Tuesday, December 24, 2019

Querétero to Guanajauto, Mexico, le veinticuatro de Deciembre, 2019

I’ve had a sad day.  This morning Mom Imessaged to say that my Uncle Ross who is 87 (I bet he doesn’t even know he’s giving the love sign - or maybe he does) -

my Mom’s oldest brother, my cousins Gary, Leanne and Deborah’s Dad, my Auntie Lorraine’s husband and my favourite Uncle, (sorry other uncles)  had a heart attack on the farm at Wauchope this morning. It took the ambulance one hour to get there - I don’t know why - it was very foggy but they only live 15 miles from Redvers.  Stars couldn’t come either because it was so foggy.  Apparently a Doctor was going to ride in the ambulance with him to Regina, so.....

I took an Uber to the bus station and my driver was so kind.  He spoke slowly and I understood everything he said.  The bus was ultra modern, was only 10 minutes late leaving and it was only half full. I had two seats to myself but they are so wide that’s not even important.  It took three hours to get to Guanajauto only because we did a bit of a detour and stopped in Salamanca.  

Along the way there were mountains in the distance but the rest of the landscape was fairly flat.  There are a lot of vegetables planted, everything is irrigated and there are a lot of huge manufacturing plants-

Once in Guanajauto, I caught a local bus to Plaza Los Angeles and started the ascent up to my place-

The owner of my apartment sent twelve pictures with arrows showing the way - that’s how complicated it is.  There is no way in hell I could have found it on my own.  Near the top, a woman said to me DMilton, all slurred.  It took me a moment to realize she was saying the name of my host.  She pointed up!  I don’t suppose there’s much doubt when you know a neighbour has an AirBNB and you see a white person walking with a backpack in your neighbourhood.

It’s a very large apartment with a kitchen-

Two beds-

A dining room - looking from the ‘bedroom’ through to the kitchen-

A full length shot-

And the view-

I’d say the climb was worth it!

After getting settled I went exploring.  My first stop was in the Plaza La Paz-

where I had lupper - enchilada mineras which is Guanajauto’s signature dish.  As the city came to prominence as a silver mining town, enchilada mineras was created because it’s quick, easy and filled up the miners after a day of hard work. It’s tortillas dipped in red chili sauce, fried, then stuffed with cheese.  Onions, carrots and potatoes are put on top, then mayo and more queso.  A huge chunk of chicken, pickled chilies and a small salad also came with it-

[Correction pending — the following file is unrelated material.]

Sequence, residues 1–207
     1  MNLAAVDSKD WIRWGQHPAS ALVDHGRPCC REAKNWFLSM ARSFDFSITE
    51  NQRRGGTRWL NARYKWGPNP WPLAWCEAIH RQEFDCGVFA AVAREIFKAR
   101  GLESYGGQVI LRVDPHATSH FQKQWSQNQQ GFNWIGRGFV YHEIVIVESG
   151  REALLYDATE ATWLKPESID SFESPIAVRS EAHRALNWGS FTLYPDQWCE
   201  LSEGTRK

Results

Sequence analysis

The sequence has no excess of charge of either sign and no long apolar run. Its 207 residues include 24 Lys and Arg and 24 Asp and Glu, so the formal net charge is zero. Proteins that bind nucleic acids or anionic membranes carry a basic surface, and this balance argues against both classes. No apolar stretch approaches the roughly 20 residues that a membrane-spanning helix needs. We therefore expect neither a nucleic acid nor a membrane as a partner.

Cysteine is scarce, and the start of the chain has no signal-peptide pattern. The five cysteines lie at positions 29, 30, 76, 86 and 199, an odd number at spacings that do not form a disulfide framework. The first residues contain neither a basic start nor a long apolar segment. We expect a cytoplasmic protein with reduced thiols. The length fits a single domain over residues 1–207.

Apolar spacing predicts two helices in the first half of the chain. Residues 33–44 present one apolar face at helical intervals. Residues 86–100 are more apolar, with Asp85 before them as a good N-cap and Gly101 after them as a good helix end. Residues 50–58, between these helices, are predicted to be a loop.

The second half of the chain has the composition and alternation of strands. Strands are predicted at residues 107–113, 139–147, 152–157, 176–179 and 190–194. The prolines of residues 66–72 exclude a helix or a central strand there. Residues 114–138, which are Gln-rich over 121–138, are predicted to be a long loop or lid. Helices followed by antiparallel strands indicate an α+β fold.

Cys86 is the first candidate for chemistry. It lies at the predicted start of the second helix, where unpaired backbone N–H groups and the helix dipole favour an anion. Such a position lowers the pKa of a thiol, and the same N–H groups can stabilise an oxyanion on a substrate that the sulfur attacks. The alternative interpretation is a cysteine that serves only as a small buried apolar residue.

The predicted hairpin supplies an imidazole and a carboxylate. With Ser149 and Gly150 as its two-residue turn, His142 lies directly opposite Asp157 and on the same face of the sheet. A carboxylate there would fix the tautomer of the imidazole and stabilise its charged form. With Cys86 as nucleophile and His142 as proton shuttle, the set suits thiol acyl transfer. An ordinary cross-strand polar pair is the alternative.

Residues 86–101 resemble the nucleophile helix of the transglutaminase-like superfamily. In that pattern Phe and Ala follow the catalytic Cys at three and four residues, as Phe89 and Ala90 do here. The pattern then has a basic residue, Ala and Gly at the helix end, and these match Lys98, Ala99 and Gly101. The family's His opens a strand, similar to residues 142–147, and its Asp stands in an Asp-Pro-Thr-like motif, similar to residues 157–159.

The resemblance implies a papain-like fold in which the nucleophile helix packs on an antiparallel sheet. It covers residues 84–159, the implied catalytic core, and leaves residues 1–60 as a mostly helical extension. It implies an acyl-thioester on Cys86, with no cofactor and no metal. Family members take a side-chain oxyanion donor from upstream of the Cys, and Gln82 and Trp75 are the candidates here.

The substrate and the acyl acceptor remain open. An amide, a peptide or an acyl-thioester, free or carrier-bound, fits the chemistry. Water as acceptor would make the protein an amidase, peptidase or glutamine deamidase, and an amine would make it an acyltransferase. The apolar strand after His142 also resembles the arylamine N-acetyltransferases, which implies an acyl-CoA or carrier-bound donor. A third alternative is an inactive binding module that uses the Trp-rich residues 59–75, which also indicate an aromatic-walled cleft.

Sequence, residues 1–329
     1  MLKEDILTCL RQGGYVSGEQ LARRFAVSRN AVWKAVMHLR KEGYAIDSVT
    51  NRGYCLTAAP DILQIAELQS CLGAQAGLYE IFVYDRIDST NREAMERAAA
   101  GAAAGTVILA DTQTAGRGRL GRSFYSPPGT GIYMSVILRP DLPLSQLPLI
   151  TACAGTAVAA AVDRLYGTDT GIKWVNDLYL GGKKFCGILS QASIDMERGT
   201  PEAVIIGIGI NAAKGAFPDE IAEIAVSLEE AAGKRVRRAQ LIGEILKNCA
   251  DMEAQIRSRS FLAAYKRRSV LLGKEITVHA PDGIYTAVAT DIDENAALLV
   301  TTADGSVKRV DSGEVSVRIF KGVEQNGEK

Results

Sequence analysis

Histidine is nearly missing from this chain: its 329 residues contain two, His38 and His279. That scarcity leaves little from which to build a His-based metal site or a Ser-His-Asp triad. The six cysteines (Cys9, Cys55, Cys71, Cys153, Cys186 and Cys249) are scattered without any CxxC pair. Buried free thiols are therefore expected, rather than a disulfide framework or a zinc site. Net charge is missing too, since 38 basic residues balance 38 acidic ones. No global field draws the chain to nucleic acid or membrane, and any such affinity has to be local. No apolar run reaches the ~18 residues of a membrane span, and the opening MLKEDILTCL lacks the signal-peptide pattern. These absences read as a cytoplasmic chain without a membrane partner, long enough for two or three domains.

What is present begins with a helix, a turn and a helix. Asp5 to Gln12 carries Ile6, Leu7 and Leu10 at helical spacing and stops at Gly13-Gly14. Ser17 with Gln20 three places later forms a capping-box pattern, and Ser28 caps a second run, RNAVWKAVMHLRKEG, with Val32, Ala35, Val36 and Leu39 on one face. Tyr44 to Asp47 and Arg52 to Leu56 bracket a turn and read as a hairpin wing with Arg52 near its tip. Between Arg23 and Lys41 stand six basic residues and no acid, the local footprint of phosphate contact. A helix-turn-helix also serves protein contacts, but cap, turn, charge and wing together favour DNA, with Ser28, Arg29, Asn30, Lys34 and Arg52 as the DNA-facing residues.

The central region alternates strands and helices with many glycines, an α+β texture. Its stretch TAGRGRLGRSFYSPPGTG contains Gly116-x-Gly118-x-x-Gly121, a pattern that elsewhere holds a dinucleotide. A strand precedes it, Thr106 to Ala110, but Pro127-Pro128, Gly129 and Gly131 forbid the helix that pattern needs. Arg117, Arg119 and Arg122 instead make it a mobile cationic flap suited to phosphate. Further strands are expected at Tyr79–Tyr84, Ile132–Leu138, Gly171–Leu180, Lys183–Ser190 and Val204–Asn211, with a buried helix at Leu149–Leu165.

I had just ordered and messaged home to see how Uncle Ross was doing.  Carolyn my sister quickly responded to say he had died.  DIED!  He had another heart attack in Regina and died.  I cried for two hours. I had a hard time eating, I lost my appetite.  I had no desire to check out anymore of this lovely town. I can do that tomorrow or the next day.  Life is so interesting if we pay attention. Today would have been my Grandma’s, Uncle Ross’ mother’s 102 birthday.  Why die today?  Yesterday, my cousin Deborah, her husband Todd and son Lane arrived from Newton, Iowa for a surprise Christmas.  Two of Uncle Ross’ grandchildren, who live in Calgary, just happen to be in Carlyle celebrating Christmas with their Mom’s family.  Deborah came for a reason, she told me she knew she had to come and perhaps Uncle Ross waited until she’d arrived and they’d had a visit.  Who knows for sure?Auntie Lorraine said he hadn't been feeling well since Saturday but couldn’t get in to see the doctor.

I grew up with Uncle Ross in my life because he lived with his family just a mile and a half up the hill.  Gary is my oldest Madsen cousin and growing up he and I spent a lot of time together.  Uncle Ross was always interested in what I had been up to and he always gave me a big hug.  He never said very much to me but I know he enjoyed listening to me talk.  I always tried to stop in for a visit when I was in Redvers.

So I sat at my table and cried.  I was sad because maybe I felt guilty that I didn’t visit as often as I could have. And death is so final.  Once someone dies, there is no more.  Anything you might have liked to have said - too late.  You will never see that person again, unless there truly is a “heaven”, and perhaps it’s also a reminder of one’s own mortality and that of those around us whom we love.  What’s so special about grief though is that there is no grief without love so maybe grief is a small, sometimes huge, price to pay for having had the privilege of loving someone.

To Uncle Ross - Salud-


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